WARWICK – Warwick Public Schools Executive Director of Finance and Operations Anthony Ferrucci noted during Thursday’s School Committee meeting at Warwick Veterans Jr. High School that the district could face a $12 million deficit next year.
The fiscal 2020 budget’s shortfallwill be compounded by this year’s $4.9 million
The City Council approved a budget of $123,982,464 in June,$6.6 million less than the School Committee had asked.
The incremental increase has been a running concern forWarwick Public Schools. From 2010 to 2019, the Council increased the budget forschools by $14,396, a 0.01% increase.
Next year’s deficit may be as high as $12 million, Ferruccisaid Thursday.
“Next year is going to be even more difficult,” Ferrucciexplained. “We’re extremely sensitive to the predicament that the city is nowfacing with us as well. We understand that situation.”
Ferrucci said even if the city allocates the additional
A tax increase might be necessary to generate that funding,Ferrucci said.
Discussions of the Superintendent’s 2020 budget will takeplace over the next two months. Although there will be cuts, there are manybudget increases as well, Ferrucci said.
Teachers are due for automatic step increases along with athree percent contractual raise. The custodial staff will also receive stepincreases along with a 2.5 percent pay raise.
The district is over budget on health insurance premiums foremployees. The budget is $15.7 million. Ferrucci noted there has been a $1.2million shortfall in just six months.
“I hate to be doom and gloom,” Ferrucci said. “We willchallenge everything
in the budget so we can get the things we need in the budgeton the table.”
“If we thought the last (budget) was difficult, the last onelooking back will seem like a tea party with cucumber sandwiches compared towhat we think we’re going to be facing here. Buckle in. It’s going to be a hell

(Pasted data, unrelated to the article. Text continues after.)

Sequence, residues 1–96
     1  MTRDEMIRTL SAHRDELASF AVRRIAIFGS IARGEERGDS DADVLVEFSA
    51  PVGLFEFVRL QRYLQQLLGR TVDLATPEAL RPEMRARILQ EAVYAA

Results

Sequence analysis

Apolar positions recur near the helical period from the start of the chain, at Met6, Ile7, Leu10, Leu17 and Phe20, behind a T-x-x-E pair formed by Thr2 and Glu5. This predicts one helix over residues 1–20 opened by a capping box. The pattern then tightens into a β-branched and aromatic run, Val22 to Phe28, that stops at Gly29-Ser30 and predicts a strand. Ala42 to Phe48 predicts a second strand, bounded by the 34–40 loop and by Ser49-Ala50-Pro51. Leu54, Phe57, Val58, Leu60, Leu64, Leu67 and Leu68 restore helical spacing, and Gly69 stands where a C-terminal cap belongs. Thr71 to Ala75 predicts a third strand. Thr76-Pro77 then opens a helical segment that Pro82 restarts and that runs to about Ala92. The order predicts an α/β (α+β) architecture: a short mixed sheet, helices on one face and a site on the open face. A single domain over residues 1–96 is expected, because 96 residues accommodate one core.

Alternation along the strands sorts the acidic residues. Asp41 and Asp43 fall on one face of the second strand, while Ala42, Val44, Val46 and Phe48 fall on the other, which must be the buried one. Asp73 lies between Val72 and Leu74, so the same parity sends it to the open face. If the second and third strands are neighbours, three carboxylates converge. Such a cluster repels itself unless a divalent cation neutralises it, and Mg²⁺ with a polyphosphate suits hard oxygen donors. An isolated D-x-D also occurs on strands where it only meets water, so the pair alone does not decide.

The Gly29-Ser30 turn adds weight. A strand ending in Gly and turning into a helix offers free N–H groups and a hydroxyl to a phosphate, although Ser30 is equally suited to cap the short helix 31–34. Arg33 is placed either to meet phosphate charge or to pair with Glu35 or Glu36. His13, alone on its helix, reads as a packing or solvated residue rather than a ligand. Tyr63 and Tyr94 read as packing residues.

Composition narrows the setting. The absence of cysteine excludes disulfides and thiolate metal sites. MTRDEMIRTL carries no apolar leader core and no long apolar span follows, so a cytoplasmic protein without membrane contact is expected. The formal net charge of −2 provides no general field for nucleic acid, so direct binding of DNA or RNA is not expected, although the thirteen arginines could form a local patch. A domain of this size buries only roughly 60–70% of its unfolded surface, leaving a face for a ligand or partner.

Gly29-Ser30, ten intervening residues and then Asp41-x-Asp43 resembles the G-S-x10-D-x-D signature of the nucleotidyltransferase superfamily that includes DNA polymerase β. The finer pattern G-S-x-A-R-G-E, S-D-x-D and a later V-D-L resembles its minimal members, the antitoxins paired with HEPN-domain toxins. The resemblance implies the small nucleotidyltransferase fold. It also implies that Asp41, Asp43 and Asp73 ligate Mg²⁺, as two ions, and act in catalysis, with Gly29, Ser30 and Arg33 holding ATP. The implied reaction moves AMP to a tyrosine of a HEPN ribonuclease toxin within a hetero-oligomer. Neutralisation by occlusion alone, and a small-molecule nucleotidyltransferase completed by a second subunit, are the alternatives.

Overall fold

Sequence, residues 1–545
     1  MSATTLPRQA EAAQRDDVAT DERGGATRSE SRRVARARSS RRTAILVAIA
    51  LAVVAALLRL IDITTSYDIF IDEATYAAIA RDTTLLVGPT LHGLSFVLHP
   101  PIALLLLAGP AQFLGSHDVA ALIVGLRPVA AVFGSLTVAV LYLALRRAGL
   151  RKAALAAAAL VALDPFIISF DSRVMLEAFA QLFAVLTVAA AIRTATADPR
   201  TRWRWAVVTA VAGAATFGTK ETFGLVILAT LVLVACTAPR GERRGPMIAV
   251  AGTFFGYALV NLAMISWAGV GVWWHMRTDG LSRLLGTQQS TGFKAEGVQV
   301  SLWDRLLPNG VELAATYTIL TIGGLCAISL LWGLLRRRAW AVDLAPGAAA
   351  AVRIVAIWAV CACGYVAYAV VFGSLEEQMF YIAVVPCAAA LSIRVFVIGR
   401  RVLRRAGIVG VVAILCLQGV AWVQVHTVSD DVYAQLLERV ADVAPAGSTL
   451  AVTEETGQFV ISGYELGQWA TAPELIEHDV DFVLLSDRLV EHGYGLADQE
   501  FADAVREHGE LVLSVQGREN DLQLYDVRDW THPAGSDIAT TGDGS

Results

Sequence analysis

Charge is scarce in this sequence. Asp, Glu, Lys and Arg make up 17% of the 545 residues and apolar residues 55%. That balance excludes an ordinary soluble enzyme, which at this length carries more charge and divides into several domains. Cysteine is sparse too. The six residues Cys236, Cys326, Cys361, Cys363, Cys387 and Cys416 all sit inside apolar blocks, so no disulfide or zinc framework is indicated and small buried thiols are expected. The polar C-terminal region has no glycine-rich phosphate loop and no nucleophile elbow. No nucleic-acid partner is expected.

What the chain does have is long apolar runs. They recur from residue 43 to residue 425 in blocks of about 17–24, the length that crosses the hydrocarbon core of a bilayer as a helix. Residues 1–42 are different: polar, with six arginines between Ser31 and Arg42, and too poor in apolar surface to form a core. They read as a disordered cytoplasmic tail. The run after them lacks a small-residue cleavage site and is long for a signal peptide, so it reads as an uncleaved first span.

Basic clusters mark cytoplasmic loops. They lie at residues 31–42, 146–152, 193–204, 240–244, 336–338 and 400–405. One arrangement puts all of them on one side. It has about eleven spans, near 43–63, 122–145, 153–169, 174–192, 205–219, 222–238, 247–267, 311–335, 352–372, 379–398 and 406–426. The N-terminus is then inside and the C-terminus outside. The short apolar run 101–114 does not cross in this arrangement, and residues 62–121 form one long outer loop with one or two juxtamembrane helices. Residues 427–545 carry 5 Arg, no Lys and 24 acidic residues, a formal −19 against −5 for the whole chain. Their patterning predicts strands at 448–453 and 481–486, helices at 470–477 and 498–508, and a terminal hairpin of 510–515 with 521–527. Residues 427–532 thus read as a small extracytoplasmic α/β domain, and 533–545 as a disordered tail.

Also at the meeting, during public comments, Darlene Netcoh,president of the Warwick Teachers Union, urged the committee to reinstateFebruary vacation, eliminated by the Committee in March 2017.
“The teachers and students need a break,” Netcoh said,noting it would be beneficial to the district.
Peter Stone, a teacher at Warwick Veterans Middle School,also supported the proposal, observing the schools would save money by turningoff the boilers.
Stone said the schools could be cleaned while the studentsand staff were out, resulting in improved health conditions.
The committee also approved a resolution pertaining to thestate’s education funding formula. The resolution asks: “…the Rhode Island GeneralAssembly stabilize the level of state educational aid for Fiscal Years 2020 and2021 at an amount no less than the highest level of state educational aidfunding between either Fiscal Year 2018 or Fiscal Year 2019 funding, except foradjustments based on enrollment changes.”
The lawsuit argues that in Fiscal Year 2010, the committeewas allocated a budget of $123,968,000. For Fiscal Year 2018-19, the SchoolCommittee requested $130,627,676, about $8 million more than the budget fromthe previous year.